Foreign Devices Not Foreigner-Friendly

Transportation is one of the key struggles of travelers across the globe. With transportation systems varying from country to country, and even city to city, it is imperative that the design of transit systems is easily accessible and comprehensive to people from various backgrounds. Living in the Greater Seattle Area our team set out to analyze how well Seattle handles that responsibility.

Contributors: Nicole, Yating, Abhinav, Jared

Yating, our head designer, having recently moved to the Seattle area, had a hard time learning the bus system and the cultural norms by which Seattilies rode public transport. Tired of iteratively navigating the transit system one embarrassing experience after another, Yating pitched the idea of re-designing the major transportation sector in Seattle.

So, Jared, our marketing lead and main engineer, Abhinav, our technical writer, and Nicole, our public relations specialist, set out to analyze how users interacted with the current light rail kiosks (the local rapid transit system in the metropolitan area) and bus stations.

There were a few things that stood out in our user research. According to transit personnel, a few foreign traveler interactions, and through our own general observations, we noticed that while the current ticket-buying kiosks supported multiple languages, they either lacked intuitivity in their design or travelers were unable or uncertain on how to select a preferred language. Additionally, short-term travelers, visiting for a few days or up to two weeks were inclined to skip the transit system and resort to a more expensive form of travel — Ubers and taxis. This was primarily due to the fear of public embarrassment as a result of unfamiliarity with the cultural norms and expected social conduct.

This sparked our idea of designing a physical kiosk, much like the current one, that would outsource the learning process of interacting with the local transit systems and, thus, prevent the pressure of a forming line behind the foreigner attempting to use the original kiosk.

images of selecting a language
images of selecting a language
image for audio selection of a language
image for audio selection of a language
images of the map
images of the map
images of the trip details
images of the trip details

Our initial prototype was as shown through several of the images above. We created a simple layout that would have an immediate way to select a language and would then navigate the user through purchasing a ticket and learning about the local travel trips.

To mimic the pressure of a real-life scenario, the team set out to one of the light rail stations near the University of Washington and in the international district to get a few willing participants

to walk through our prototype design. There were a few glaring errors such as the false affordance of interacting with the map and the initial screen being in English. We also recognized that our platform did not support an easy viewing of the travel tips without having purchased a ticket first since we had originally made the assumption that our kiosk would be single-interaction design only and not be used by those having already purchased a ticket.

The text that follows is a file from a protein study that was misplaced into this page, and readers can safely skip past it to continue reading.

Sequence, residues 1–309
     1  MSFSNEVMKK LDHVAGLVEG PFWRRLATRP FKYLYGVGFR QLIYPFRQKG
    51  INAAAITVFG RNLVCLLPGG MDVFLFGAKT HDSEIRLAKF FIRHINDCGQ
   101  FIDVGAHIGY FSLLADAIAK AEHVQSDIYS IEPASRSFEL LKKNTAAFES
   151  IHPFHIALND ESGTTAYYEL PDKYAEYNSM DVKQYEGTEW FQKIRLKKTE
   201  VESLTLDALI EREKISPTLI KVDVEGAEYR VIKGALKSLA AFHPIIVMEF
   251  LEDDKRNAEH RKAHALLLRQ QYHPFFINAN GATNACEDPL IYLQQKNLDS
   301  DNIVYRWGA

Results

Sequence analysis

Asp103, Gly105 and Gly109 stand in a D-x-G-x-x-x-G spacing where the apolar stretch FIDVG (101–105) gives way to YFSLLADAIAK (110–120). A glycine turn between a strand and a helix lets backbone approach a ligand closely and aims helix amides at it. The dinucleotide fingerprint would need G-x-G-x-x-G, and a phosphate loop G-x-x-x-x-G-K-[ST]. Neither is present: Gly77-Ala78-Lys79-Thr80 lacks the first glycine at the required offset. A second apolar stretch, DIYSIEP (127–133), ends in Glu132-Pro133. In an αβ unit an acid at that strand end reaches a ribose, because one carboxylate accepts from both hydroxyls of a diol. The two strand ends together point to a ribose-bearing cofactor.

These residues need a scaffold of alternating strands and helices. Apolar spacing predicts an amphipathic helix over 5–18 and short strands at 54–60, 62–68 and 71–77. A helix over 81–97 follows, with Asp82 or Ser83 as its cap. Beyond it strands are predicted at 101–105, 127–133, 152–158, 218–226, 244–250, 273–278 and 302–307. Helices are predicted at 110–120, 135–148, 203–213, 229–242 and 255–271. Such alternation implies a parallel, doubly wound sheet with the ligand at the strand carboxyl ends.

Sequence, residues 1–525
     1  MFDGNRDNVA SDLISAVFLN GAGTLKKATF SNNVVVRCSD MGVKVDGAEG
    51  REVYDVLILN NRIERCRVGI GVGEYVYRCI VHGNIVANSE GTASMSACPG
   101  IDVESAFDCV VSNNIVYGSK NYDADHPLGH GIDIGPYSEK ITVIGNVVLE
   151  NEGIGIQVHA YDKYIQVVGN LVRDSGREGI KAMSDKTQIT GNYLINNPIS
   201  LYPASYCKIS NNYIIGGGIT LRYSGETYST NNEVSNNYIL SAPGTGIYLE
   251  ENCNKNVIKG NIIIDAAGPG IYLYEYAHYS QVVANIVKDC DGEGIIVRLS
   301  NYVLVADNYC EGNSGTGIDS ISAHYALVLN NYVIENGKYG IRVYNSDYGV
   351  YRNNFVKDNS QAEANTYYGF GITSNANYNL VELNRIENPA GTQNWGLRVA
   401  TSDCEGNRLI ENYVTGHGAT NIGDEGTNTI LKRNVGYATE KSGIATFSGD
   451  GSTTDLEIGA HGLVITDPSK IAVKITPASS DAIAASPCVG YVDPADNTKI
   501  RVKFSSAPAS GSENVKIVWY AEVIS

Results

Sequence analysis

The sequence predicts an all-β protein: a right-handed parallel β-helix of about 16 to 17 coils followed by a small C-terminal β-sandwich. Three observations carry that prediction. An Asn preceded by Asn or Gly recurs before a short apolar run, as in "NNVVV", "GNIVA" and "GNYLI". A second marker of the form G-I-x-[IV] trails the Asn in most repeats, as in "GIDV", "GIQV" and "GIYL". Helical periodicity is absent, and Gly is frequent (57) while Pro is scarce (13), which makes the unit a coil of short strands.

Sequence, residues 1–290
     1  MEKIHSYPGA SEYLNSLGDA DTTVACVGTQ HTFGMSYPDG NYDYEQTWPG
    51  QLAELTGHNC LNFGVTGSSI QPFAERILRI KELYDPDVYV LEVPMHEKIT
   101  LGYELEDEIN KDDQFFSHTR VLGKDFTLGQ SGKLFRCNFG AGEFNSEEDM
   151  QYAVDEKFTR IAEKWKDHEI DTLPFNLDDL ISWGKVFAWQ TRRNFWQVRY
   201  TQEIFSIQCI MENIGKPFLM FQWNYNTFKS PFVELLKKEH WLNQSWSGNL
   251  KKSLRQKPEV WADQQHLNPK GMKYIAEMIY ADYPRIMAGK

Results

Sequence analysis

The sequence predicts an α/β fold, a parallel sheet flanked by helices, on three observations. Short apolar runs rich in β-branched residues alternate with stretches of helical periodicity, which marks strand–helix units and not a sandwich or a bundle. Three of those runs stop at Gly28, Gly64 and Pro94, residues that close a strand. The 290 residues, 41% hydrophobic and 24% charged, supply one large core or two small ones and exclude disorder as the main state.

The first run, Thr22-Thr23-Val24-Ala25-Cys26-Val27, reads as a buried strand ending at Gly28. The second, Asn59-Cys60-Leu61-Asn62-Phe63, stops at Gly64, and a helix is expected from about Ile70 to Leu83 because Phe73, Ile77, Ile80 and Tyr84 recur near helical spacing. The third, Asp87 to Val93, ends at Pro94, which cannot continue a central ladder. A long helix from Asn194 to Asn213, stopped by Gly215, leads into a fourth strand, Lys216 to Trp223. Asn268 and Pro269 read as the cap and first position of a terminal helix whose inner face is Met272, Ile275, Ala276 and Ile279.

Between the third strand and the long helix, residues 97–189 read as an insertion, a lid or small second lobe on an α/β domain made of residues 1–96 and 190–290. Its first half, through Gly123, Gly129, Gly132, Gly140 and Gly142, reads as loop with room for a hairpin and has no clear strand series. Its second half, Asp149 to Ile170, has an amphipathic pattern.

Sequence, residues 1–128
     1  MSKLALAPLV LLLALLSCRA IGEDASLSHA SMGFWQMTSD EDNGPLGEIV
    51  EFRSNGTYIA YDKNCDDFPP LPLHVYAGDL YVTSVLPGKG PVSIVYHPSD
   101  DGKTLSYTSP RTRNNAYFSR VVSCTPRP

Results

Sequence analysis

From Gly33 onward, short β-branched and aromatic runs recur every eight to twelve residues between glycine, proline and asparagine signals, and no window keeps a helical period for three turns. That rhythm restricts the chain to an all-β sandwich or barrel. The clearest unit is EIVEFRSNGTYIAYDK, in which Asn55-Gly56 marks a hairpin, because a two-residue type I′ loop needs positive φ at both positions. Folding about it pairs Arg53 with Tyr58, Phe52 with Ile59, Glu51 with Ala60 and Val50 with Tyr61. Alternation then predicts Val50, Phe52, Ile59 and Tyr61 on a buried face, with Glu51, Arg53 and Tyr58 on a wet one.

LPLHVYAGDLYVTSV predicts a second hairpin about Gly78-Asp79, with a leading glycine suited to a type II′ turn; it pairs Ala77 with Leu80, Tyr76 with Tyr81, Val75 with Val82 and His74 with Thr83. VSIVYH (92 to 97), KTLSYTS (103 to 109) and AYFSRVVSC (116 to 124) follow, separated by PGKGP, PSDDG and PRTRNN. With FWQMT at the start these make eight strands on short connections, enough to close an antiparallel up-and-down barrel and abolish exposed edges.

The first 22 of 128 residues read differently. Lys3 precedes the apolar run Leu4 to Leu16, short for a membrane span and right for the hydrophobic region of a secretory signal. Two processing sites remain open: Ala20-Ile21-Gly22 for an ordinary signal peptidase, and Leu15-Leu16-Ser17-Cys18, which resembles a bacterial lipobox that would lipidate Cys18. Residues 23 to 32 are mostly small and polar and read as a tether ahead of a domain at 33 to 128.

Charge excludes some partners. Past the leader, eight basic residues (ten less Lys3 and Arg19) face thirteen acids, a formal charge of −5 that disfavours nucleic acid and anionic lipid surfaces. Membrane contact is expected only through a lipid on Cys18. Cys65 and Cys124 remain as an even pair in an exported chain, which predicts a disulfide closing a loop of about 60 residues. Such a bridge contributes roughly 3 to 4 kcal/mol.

The most important revision we made was to the initial display. Since a simple, clean initial design may be the difference between a user choopsing to interact with our design and choosing to take Uber, we added the following display.

the front screen
the front screen

By touching the screen, users are able to start to use this kiosk. The “Touch to Start” sign will flash in different languages so that different language speakers know how to interact with the initial screen.

Another important amendment was allowing users to easily directly navigate to travel tips to account for the broader user group who had already purchased a ticket and wanted to learn more about the local customs.

navigation back to the home screen
navigation back to the home screen

If the language recognition feature did not correctly analyze the speech of the user, then the user can easily navigate back to language selection using the back button in the left upper corner. If the language was selected correctly, then the user will be able to make a purchase of a ticket or view the travel tips from this screen.

Through the user research we had discovered our two primary tasks that needed to be supported in our design:

  1. Buying a ticket in the user’s preferred language
  2. Learning some of the travel tips when using the lightrail

The added display screen helps in our first task by identifying the purpose of the kiosk to foreign travelers and indicating, through the flashing sign in various languages, that it supports a multitude of languages. The following selection screen easily allows for users to choose their preferred language, accomplishing our primary task. Our secondary task was drastically improved in our final draft through the creation of a home screen that allows for the user, at any point, to navigate to trip tips. The home screen is also accessible at every screen.

The more technology develops, the more people see the need for simpler, more intuitive design in all aspects of our lives. A city’s success lies closely with the user-friendliness of its environment. The transportation system is a huge aspect of that — enabling locals and foreigners to explore and connect with one another. Creating a kiosk that is more welcoming to foreigners not only enables users to avoid the pressures of a new environment, but creates a sense of belonging and home for the traveler. Not to mention, this also helps travelers cut back on travel expenses by avoiding costly rides such as solely relying on Uber and Lyft for transportation.

University of Washington Computer Science, Intro to Human Computer Interaction